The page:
Which is the most important department?

Which business function do we value most? HR perhaps? Or finance? Production or IT?

For me it is sales. The sales department is the most important. No sales, no business.

But why is “sales” a dirty word in the UK (although not nearly so much in the US)?

May I suggest that one reason is the belief that selling is about tricking people. It’s a common belief amongst sales and non-sales people alike. It has led to some pretty sharp practices too.

When we are uncomfortable about selling, we tend to resort to the common human habit of hiding things and separating ourselves mentally, or physically even, from that which we dislike.

It’s another variant of fall guy syndrome. In this version we are asking someone else to do something we are uncomfortable doing ourselves. We even down-grade or undervalue their work and pay it less (e.g. call centres). We try and ring fence problems of the business to be within the sales department.

Of course when the sales director is replaced the problems refuse to go away. That’s because most often they are our problems and of our making.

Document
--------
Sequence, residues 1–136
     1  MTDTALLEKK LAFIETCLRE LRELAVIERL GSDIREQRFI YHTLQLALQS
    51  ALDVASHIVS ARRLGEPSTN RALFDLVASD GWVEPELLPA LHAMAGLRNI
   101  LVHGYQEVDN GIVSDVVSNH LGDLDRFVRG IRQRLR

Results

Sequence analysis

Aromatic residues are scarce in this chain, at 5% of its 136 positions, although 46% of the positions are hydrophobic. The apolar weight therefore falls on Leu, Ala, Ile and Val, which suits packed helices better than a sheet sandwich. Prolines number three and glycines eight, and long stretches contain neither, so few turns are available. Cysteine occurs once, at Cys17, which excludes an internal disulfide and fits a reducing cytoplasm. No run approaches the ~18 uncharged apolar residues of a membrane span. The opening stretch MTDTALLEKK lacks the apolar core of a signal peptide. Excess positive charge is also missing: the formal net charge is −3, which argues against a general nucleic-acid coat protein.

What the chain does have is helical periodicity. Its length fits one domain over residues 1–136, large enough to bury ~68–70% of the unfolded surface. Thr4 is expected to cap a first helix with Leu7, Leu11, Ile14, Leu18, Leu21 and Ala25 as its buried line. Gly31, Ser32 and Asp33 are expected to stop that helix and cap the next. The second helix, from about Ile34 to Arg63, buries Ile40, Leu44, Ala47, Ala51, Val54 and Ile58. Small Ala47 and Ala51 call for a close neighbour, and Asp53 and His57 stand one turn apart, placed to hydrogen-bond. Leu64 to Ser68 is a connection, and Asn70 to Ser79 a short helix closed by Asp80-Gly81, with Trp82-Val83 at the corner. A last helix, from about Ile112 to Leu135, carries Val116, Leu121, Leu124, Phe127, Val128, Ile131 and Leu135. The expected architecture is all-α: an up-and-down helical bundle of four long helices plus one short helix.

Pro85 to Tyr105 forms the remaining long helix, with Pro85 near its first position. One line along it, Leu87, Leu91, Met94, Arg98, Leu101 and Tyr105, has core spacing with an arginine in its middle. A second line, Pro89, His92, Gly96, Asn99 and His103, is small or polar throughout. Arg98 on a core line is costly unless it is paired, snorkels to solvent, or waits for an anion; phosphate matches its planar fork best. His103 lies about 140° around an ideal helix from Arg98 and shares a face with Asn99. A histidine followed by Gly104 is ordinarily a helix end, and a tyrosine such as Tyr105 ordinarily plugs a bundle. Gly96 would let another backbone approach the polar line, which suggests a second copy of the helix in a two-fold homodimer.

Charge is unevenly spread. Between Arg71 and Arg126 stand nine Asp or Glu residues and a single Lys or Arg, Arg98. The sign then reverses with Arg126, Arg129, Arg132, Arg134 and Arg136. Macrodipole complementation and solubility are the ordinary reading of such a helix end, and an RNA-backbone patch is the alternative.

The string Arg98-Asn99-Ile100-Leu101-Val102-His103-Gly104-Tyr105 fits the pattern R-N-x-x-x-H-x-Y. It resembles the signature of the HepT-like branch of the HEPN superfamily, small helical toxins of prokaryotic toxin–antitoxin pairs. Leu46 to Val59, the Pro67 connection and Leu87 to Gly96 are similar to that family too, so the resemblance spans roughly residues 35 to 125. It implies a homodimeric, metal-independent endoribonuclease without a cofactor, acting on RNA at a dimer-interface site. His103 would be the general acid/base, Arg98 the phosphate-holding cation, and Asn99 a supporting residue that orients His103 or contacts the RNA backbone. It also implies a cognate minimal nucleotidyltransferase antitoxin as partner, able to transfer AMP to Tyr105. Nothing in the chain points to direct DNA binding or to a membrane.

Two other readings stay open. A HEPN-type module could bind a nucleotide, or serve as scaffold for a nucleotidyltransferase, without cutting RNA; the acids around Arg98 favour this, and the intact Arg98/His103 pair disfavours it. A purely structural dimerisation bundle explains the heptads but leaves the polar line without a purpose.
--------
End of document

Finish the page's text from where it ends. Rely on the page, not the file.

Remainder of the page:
We need to tackle head-on, the ethical problems we face in selling and make sure we do it right. As a whole company. And there lies the dilemma. For example in many organisations the “sales process” involves a team of people, some of whom are never included in the sales briefings.

Who is the most important person in the sales process? My money is on the receptionist!

About drstevelewis

Good leadership is essential for any project to succeed. I specialise in the most difficult leadership challenges; those involving the way we relate to other people or the way they relate to us. With a background of many years in business and an earlier training in medicine I combine the two in a unique consultancy.
This entry was posted in Big business failure, Failure, Fall Guy Syndrome, Integrity in business, Leadership problems, Success, Teamwork and tagged , , , , , , , , , . Bookmark the permalink.

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